About the elevation of St. Hildegard of Bingen the official role of saints of Holy Church. I wrote about that HERE.
I would add that cases of “equivalent canonization” are not exactly “typical” in the sense that they are common. This is “typical” in the sense that it is similar to other rare cases.
What is an equivalent canonization
On Thursday, 10 May, Pope Benedict XVI extended to the Universal Church the liturgical worship in honour of St Hildegard of Bingen. This is a typical case of “equivalent canonization”. But what does that mean?
In his work De Servorum Dei beatificazione et de Beatorum canonizatione, Bennedict XIV [of happiest memory!] formulated the doctrine on equivalent canonization; when the Pope enjoins the Church as a whole to observe the veneration of a Servant of God not yet canonized by the insertion of his feast into the Liturgical Calendar of the Universal Church, with Mass and the Divine Office. With this Pontifical act – writes Fabijan Veraja in his book Le cause di canonizzazione dei santi (Libreria Editrice Vaticana, 1992) – Benedict XVI perceives the extremes of a true canonization, that is, of a definitive judgment from the Pope on the sanctity of a Servant of God.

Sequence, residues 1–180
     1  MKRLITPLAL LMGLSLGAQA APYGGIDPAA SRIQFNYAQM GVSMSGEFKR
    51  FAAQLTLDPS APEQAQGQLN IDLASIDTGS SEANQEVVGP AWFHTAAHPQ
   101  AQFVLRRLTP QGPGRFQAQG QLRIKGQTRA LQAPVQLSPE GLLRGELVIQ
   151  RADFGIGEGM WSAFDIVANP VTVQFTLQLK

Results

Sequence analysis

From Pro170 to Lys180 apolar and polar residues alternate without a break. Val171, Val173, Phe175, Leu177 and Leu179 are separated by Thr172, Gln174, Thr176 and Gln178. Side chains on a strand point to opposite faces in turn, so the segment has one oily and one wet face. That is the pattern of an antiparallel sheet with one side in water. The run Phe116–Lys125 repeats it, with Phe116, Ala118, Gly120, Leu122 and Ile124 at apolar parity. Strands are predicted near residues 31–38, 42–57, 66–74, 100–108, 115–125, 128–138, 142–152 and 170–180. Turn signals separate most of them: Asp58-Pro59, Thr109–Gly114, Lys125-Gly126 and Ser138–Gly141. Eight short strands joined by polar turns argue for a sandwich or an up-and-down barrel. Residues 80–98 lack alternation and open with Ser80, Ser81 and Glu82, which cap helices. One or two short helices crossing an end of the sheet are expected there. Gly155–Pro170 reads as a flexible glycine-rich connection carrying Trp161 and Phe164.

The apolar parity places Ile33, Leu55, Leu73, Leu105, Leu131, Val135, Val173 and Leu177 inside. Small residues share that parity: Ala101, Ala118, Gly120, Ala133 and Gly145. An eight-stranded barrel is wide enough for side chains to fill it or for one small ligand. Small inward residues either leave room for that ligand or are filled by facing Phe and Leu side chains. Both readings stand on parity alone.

This judgement, however, is not expressed with the usual formula of canonization, but through a decree obliging the entire Church to venerate that Servant of God with the cultus reserved to canonized saints. Many examples of this form of canonization date back to the Pontificate of Benedict XIV; for example, Saints Romualdo (canonized 439 years after his death), Norbert, Bruno, Pietro Nolasco, Raimondo Nonnato, Giovanni di Matha, Felice de Valois, Queen Margaret of Scotland, King Stephen of Hungary, Wenceslaus, Duke of Bohemia, and Pope Gregory VII.
May 12, 2012